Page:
Last reviewed: December 2018
Last updated: November  2018

Introduction

Related conditions

Condition
Description

Regardless of the specific etiology, ischemic stroke occurs when blood supply in a cerebral vascular territory is critically reduced due to occlusion or critical stenosis of a cerebral artery. A minority of ischemic strokes are caused by cerebral sinus or cortical vein thrombosis. Risk factors strongly associated with ischemic stroke include older age, family history, hypertension, [1] smoking, [2] diabetes, [3] atrial fibrillation, [4] comorbid cardiac conditions, [5] carotid artery stenosis, [6] [7] [8]  sickle cell disease, [9] and dyslipidemia. [10]

Cause of a minority of ischemic strokes. Strong risk factors include older age, smoking, and history of cardiovascular disease. [11] Carotid revascularization of high-grade asymptomatic, and moderate or high-grade symptomatic, carotid artery stenosis helps to prevent future stroke.

Cerebral ischemia should be suspected when a patient presents with typical symptoms of rapidly resolving unilateral weakness or numbness, but also with less classic symptoms such as unilateral vision loss, transient aphasia, or vertigo. TIAs have considerable risk of early recurrent cerebral ischemic events. Strong risk factors include atrial fibrillation, valvular disease, congestive heart failure, hypertension, diabetes, [12]  carotid stenosis, [13]  cigarette smoking, [14]  alcohol abuse, [15]  and older age. Evaluation and initiation of secondary prevention should occur rapidly.

Intracerebral hemorrhage is caused by vascular rupture with bleeding into the brain parenchyma. Three-quarters of hemorrhagic strokes are due to intracerebral hemorrhage, with the rest being due to subarachnoid hemorrhage. Strong risk factors include family history, older age, [16]  hemophilia, cerebral amyloid angiopathy, hypertension, [17]  anticoagulation, [18] [19] use of illicit sympathomimetic drugs, [20]  vascular malformations, [21] and Moyamoya syndrome. [22]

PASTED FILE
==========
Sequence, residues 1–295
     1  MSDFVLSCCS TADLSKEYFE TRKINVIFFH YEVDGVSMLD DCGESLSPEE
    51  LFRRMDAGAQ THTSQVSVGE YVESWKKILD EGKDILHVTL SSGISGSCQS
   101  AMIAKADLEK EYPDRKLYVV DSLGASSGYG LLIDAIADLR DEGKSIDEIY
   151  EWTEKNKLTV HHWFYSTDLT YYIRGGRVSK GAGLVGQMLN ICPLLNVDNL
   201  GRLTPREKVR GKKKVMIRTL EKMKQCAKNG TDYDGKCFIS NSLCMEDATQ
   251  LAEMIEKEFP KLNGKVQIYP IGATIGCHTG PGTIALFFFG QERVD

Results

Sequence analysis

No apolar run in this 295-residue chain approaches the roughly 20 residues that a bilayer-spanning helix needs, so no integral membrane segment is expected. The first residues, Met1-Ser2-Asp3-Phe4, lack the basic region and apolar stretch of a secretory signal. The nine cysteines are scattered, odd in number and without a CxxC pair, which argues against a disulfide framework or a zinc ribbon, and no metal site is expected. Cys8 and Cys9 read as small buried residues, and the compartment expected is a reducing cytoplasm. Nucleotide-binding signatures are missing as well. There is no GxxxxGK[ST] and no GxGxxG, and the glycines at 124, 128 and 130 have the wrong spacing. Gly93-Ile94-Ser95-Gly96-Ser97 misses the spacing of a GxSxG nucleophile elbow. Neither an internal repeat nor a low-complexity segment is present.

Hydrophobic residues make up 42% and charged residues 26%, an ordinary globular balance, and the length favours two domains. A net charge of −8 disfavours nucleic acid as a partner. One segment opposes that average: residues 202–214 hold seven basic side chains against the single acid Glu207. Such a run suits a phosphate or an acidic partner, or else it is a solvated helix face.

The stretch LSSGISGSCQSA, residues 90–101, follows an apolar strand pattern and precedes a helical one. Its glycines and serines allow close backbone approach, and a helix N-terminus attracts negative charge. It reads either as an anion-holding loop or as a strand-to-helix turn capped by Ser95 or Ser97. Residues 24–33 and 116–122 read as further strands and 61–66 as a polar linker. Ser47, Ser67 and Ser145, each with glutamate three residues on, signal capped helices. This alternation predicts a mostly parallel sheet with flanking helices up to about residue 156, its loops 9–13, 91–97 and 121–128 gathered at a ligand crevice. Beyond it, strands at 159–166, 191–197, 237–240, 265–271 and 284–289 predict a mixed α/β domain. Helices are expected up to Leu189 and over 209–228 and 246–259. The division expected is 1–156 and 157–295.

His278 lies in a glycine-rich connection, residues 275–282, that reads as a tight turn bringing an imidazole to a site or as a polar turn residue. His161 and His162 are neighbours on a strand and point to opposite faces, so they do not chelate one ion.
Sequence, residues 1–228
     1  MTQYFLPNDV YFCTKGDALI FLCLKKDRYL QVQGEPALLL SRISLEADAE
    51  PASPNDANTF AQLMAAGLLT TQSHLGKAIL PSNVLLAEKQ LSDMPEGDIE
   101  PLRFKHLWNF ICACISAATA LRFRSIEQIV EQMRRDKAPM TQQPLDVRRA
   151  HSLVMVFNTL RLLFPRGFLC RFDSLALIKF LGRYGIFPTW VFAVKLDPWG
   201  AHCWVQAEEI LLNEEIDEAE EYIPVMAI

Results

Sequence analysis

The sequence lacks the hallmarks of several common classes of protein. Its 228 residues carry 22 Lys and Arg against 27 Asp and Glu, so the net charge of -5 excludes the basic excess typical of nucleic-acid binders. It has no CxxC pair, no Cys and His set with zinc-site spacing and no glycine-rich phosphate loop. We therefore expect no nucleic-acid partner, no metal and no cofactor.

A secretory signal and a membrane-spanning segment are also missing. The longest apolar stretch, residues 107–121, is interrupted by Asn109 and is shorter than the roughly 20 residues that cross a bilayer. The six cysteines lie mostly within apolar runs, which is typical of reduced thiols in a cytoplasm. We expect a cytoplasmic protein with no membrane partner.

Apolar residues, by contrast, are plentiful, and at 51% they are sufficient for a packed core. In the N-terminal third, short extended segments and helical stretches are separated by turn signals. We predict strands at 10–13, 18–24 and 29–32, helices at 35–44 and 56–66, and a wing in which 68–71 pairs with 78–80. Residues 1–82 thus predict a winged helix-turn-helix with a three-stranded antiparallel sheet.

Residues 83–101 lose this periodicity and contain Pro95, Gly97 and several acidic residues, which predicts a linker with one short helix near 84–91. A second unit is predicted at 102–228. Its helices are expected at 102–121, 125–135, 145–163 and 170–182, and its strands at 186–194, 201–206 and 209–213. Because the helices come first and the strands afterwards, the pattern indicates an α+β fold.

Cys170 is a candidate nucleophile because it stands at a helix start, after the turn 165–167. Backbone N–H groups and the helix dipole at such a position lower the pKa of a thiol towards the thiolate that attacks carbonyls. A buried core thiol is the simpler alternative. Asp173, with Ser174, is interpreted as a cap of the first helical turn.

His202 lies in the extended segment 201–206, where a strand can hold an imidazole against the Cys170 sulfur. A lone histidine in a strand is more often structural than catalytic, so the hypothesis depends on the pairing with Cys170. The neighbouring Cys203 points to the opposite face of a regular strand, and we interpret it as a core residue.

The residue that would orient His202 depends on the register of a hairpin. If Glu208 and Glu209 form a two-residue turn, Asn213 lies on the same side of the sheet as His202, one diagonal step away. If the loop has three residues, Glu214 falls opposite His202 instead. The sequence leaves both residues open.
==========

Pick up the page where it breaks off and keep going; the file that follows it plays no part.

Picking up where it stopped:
Typically asymptomatic until ruptured, resulting in a subarachnoid hemorrhage. Screening with noninvasive neuroangiography is recommended for at-risk populations. Strong risk factors include smoking, moderate-high level alcohol consumption, [23]  family history, previous subarachnoid hemorrhage, and heritable connective tissue disease. [24]

A medical emergency where there is bleeding into the subarachnoid space. The most common cause of nontraumatic subarachnoid hemorrhage is intracranial aneurysm. Strong risk factors include hypertension, smoking, family history, and autosomal dominant polycystic kidney disease. [25]

Contributors

Authors

BMJ Publishing Group

Disclosures

This overview has been compiled using the information in existing sub-topics.

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